Friday, January 31, 2014


photo by Keri Bevan

Today I travel to Boston to hop a flight to LA tomorrow morning. I have not been home since Christmas 2012, and it is about time. 60-70 degree temps here I come!

The shop will be open during my trip, and all orders placed while I am away will ship during the week of Feb. 11-14 when I return. I will also be holding a 45% off sale on Valentine's Day, so stay tuned for that. Take care everyone :)

Tuesday, January 28, 2014

Behind the Scenes with oh, albatross

A handful of shops on Etsy have completely captured my imagination, keeping me coming back week after week just to check in and see what's new. Today I am so honored to share a behind the scenes look into one such Etsy favorite, oh, albatross.

For those of you who have yet to discover this gem of a shop, you are in for a treat today. In addition to stocking her shop with impeccably curated vintage treasures, owner Regina Groleau produces a line of the most perfect soft sculpture animals, each one unique and made by hand from vintage fabrics, needle, and thread. From birds and foxes, to owls and polar bears, Regina is somehow able to give each creation its own unique personality.

A little while back I got in touch with Regina to see if she would share the details of her process and a peek into her work space. Below is the interview along with a few shots from Regina's beautiful, light filled work space in her swoon-worthy brand new house that she and her husband just finished building and moved into earlier this month.

Little Dog: When did you start making soft sculpture animals and how did the first one come about?

oh, albatross: Some time back in 2008 or so, I had the strangest urge to sew an animal. I had no pattern or planning process, just a strong desire to see what would happen with a needle, thread and a few scraps of fabric. I made a tiny green mouse. I named him Henri. He was nothing short of a disaster. A few days later, I tried again.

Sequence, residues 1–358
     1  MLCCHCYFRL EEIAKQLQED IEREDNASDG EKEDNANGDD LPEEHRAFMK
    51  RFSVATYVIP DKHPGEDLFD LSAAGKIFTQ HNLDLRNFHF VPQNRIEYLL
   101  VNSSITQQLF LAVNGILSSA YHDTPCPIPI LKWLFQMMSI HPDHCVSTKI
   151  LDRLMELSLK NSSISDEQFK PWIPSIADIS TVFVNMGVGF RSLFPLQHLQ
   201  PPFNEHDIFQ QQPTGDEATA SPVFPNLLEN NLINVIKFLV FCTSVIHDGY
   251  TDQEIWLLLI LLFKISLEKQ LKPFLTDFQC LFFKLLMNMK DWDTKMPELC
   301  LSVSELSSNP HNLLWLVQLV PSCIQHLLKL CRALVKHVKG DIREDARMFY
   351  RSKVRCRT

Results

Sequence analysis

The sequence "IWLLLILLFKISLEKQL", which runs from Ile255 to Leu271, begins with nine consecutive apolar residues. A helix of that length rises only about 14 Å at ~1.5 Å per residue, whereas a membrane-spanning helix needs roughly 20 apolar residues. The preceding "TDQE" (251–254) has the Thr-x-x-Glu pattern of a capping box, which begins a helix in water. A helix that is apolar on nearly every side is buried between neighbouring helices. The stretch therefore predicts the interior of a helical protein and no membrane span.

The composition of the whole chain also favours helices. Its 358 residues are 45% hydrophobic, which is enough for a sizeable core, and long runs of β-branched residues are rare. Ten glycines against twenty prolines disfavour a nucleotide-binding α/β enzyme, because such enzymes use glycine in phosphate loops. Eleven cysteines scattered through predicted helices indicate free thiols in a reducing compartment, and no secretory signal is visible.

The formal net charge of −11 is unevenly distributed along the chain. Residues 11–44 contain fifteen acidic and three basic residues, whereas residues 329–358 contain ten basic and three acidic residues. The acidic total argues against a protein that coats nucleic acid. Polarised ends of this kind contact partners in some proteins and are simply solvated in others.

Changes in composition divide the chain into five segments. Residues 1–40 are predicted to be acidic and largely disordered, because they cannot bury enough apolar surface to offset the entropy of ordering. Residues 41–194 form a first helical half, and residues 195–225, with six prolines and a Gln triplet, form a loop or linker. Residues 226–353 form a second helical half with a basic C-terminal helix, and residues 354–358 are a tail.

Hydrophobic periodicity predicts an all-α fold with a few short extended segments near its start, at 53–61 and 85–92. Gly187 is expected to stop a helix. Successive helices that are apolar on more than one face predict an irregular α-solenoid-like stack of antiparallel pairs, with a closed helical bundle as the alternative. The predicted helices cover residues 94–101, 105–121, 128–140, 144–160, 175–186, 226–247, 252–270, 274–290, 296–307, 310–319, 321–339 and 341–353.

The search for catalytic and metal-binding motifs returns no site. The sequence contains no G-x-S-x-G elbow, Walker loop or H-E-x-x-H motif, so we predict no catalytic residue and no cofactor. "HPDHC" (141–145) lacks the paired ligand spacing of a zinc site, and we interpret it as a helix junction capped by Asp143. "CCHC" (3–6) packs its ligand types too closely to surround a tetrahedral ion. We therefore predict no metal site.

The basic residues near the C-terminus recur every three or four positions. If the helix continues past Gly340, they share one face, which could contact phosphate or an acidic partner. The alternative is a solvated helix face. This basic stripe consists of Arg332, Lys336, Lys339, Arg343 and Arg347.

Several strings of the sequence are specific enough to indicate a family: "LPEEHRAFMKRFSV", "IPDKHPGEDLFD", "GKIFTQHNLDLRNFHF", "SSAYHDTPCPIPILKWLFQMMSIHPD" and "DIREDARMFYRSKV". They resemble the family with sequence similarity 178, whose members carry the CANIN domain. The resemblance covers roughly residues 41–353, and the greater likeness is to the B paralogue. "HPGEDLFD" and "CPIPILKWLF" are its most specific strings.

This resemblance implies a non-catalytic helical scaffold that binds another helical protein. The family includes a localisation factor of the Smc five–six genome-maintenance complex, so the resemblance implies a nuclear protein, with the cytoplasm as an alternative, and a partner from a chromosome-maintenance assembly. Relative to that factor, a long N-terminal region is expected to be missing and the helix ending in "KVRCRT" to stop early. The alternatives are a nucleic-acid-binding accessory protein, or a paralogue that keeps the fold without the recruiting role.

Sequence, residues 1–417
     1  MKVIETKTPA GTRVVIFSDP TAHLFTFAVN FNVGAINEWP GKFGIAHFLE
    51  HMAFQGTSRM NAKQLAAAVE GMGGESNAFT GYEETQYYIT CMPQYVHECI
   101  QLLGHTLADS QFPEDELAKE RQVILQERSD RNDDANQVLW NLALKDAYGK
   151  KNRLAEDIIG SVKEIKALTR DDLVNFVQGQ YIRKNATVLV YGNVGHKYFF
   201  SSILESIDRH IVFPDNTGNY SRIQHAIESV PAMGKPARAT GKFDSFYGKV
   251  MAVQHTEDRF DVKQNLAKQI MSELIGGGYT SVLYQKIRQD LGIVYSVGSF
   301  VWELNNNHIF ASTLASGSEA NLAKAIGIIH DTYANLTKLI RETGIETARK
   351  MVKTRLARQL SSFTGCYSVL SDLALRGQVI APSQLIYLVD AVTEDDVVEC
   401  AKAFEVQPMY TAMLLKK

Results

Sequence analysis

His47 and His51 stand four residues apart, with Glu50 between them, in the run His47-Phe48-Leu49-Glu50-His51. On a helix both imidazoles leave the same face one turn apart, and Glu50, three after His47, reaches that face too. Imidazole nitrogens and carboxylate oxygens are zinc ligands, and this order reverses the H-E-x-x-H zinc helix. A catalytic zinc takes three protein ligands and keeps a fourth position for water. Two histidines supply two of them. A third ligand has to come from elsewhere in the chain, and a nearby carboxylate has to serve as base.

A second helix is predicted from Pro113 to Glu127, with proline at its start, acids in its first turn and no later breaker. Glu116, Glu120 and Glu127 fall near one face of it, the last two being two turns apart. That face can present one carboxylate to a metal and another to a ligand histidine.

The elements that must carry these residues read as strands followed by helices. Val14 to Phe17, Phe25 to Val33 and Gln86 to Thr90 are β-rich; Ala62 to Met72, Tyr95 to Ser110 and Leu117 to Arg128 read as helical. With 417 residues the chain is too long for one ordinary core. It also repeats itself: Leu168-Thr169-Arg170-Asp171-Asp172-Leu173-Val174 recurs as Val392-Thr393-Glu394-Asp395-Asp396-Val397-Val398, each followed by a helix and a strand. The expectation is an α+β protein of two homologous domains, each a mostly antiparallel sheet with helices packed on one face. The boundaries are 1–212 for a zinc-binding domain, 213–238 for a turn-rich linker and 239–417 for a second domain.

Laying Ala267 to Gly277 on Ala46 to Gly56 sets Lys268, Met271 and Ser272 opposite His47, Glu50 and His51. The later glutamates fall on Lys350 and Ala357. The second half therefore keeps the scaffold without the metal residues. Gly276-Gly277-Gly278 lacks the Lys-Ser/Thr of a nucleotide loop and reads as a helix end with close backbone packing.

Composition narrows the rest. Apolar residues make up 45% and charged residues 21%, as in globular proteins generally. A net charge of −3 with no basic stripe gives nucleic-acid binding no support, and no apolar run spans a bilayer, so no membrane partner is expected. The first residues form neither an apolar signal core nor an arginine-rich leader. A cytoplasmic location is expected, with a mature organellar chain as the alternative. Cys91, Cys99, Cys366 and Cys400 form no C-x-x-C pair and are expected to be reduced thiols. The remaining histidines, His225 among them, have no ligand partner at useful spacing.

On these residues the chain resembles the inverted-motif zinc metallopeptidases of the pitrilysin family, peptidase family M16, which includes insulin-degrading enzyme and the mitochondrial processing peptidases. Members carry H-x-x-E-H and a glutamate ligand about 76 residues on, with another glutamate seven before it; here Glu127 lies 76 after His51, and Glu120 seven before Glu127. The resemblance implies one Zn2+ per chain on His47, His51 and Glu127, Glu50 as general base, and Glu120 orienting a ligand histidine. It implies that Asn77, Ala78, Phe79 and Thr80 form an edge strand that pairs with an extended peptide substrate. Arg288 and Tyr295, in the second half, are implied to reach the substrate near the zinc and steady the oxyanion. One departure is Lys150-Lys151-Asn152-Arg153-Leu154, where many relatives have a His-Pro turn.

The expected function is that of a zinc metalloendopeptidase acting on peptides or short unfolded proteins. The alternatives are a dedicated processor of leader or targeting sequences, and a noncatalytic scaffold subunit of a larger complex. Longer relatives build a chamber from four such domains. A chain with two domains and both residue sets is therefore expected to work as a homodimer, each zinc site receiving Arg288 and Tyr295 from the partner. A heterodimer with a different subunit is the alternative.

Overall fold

Little Dog: Can you talk a little bit about the creative process for making a new animal? Where does your inspiration come from?

oh, albatross: Stories, fables, folklore and myths are a huge source of inspiration for me. Both solemn and sweet, they are threads woven into our everyday experience. Strong cultural totems like Zuni fetishes are a great source on how we view animals and imbue them with certain traits. And classic illustrations seem to stick with me for years, and I’m slowly coming to understand how often they provide an archetype for how I view different kinds of animals. I do keep a list of descriptions of animals to work to or feelings to express. (For instance, I had a strong need to make a fox who found a spiderweb. It was a piece I loved dearly and an idea I may have to revisit soon.)

Little Dog: Do you create patterns or prototypes for animals, or just start from scratch and keep going until the animal feels right?